> Rockwell's only game is to publish controversial crap that will
    > increase his hit count. He's not a photographer, and knows nothing
    > about photography. Unless you believe that tripods are no longer
    > necessary. Or that shooting RAW is a waste of time. And you believe
    > his "review/tests" of gear he's never even held.


    Well, for my way of working today, tripods are no longer necessary 99% of
    the time, and I choose not to shoot raw.....

    Just how has Ken led /you/ away from the straight and narrow?

    David
    David J Taylor, Jan 9, 2009
    #5
  6. measekite

    J. Clarke Guest

    David J Taylor wrote:
    > measekite wrote:
    >> Ken Rockwell Said:
    >>
    >> http://www.kenrockwell.com/tech/nikon-vs-canon.htm
    >>
    >> Sigma announced an 18-200mm OS (stabilized) lens, but it's only
    >> f/6.3
    >> (not rated to work well for AF, which needs at least f/5.6) and I
    >> suspect it has primitive focus, not HSM/AFS/USM. We'll see,
    >>
    >> and I avoid off brand
    >> lenses anyway. As I explained, the whole point of a Canon or Nikon
    >> camera is to use the superior lenses made by either, both of which
    >> are very serious optical companies, unlike the off brands.
    >>
    >>
    >> And Then Ken Rockwell Said:
    >>
    >> In 2008, Tokina introduced the best lens yet, the Tokina 11-16mm
    >> f/2.8, which for about $500, is better than the best lens below,
    >> the
    >> Nikon 12-24mm. Read the rest of this if you like, however as of
    >> 2008,
    >> just get the Tokina 11-16mm. Its only gotcha is that it won't
    >> autofocus on a Nikon D40, D40x or D60; for those least expensive
    >> Nikons, get the most expensive Nikon 12-24mm or Sigma 10-20mm for
    >> autofocus.
    >>
    >>
    >> This is just an example what myself and many others have stated.
    >> Which is correct and what does he really believe. It would be nice
    >> to be able to trust his opinion.

    >
    > What's inconsistent? He avoids off-brand lenses, but is quite happy
    > to acknowledge the sometimes a worthy lens is available. The "best"
    > may simply be "Tokina's best". I mean, 11-16mm doesn't even convert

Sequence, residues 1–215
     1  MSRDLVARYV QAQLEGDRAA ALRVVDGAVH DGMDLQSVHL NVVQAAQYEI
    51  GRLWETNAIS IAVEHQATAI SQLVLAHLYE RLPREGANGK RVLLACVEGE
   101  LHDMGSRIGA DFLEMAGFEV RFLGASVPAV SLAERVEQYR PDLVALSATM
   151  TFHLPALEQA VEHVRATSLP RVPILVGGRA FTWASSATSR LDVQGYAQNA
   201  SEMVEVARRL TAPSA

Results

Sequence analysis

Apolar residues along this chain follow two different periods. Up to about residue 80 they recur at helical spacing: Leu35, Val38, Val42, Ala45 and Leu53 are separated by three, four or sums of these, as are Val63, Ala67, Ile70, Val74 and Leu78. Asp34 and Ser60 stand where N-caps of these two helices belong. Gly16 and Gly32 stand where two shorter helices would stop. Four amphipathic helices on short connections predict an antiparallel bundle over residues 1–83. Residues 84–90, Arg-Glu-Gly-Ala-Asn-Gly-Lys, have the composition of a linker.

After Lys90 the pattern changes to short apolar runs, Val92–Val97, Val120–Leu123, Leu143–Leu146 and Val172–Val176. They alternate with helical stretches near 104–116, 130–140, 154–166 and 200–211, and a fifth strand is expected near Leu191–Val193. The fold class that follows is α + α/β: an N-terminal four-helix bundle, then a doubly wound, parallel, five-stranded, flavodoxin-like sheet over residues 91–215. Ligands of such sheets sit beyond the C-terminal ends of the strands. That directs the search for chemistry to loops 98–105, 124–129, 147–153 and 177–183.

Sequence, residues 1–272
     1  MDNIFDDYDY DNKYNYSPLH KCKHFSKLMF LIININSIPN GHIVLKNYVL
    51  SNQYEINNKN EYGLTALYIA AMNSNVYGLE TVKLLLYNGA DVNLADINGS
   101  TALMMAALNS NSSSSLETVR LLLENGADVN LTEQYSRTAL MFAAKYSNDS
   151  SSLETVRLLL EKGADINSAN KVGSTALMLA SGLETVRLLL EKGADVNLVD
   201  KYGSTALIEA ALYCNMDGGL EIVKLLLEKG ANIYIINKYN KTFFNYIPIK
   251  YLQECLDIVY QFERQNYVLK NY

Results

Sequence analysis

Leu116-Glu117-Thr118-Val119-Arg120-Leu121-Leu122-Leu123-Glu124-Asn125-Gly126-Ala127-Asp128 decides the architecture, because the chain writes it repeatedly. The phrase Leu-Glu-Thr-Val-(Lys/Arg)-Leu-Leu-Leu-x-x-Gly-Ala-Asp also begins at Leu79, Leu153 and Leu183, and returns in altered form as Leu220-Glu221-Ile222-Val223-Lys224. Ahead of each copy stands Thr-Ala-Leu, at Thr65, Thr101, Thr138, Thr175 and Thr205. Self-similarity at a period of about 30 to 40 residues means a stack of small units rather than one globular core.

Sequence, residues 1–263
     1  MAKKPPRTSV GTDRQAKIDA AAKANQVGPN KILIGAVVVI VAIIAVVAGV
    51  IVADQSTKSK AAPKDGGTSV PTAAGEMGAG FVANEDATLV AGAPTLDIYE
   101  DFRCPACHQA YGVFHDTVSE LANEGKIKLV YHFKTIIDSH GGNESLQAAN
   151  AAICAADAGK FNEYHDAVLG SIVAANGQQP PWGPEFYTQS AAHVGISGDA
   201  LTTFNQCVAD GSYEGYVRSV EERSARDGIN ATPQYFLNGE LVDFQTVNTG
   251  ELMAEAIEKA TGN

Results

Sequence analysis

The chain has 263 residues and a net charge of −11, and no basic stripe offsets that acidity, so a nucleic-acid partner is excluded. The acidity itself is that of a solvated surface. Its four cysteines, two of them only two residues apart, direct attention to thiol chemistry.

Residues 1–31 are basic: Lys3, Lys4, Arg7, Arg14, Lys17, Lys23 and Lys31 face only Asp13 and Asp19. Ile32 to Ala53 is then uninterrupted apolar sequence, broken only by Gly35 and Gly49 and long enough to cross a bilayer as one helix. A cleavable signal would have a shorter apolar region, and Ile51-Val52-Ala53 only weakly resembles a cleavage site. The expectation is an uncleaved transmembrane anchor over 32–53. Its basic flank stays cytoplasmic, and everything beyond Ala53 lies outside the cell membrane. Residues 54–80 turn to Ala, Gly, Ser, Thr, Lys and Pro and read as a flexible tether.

> the same 2:1 zoom range as either 12-24mm or 10-20mm does it? And
    > note that he says "for $500", which to my mind means that he is
    > already setting his expecations at a lower level.


    He makes a case that it's superior optically to the 12-24 and pretty
    close to being an APS-C equivalent to the 14-24 2.8. Whether he's
    fudged his test shots or not I have no idea.

    >> Is there anybody out their that provides really accurate and
    >> CONSISTENT information?

    >
    > I would hope that pure lab tests, properly carried out, would do
    > that, but as soon as you add any commentary to the numbers the
    > results become subjective. Remember that what may have been "the
    > best available lens at any price" in 1998 may not qualify for the
    > same description in 2008.


    I've never found any reason to fault photozone.de, and they've tested
    a very wide range of lenses.

    --
    --
    --John
    to email, dial "usenet" and validate
    (was jclarke at eye bee em dot net)
    J. Clarke, Jan 9, 2009
    #6
  7. measekite

    Scott W Guest

    Re: Avoid that site; it's a scam.

    On Jan 9, 4:42 am, "David J Taylor" <-
    this-bit.nor-this.co.uk> wrote:
    > bowzer wrote:
    > > Rockwell's only game is to publish controversial crap that will
    > > increase his hit count. He's not a photographer, and knows nothing
    > > about photography. Unless you believe that tripods are no longer
    > > necessary. Or that shooting RAW is a waste of time. And you believe
    > > his "review/tests" of gear he's never even held.

    >
    > Well, for my way of working today, tripods are no longer necessary 99% of
    > the time, and I choose not to shoot raw.....
    >
    > Just how has Ken led /you/ away from the straight and narrow?


    If you are not shooting raw it sounds like maybe Ken led you away from
    the straight and narrow.

    Scott
    Scott W, Jan 9, 2009
    #7
  8. measekite

    bowzer Guest

    Re: Avoid that site; it's a scam.

    "David J Taylor" <-this-bit.nor-this.co.uk>
    wrote in message news:ynJ9l.17616$...
    > bowzer wrote:
    >> Rockwell's only game is to publish controversial crap that will
    >> increase his hit count. He's not a photographer, and knows nothing
    >> about photography. Unless you believe that tripods are no longer
    >> necessary. Or that shooting RAW is a waste of time. And you believe
    >> his "review/tests" of gear he's never even held.

    >
    > Well, for my way of working today, tripods are no longer necessary 99% of
    > the time, and I choose not to shoot raw.....